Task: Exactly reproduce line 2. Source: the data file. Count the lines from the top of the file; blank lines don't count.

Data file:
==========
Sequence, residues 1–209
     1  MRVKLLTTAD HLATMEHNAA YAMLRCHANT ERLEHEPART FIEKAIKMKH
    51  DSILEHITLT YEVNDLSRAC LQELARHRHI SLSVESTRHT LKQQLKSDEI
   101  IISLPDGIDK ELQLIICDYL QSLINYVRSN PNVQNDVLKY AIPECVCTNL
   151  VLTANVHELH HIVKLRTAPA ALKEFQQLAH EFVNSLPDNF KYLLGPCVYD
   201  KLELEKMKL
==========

     1  MRVKLLTTAD HLATMEHNAA YAMLRCHANT ERLEHEPART FIEKAIKMKH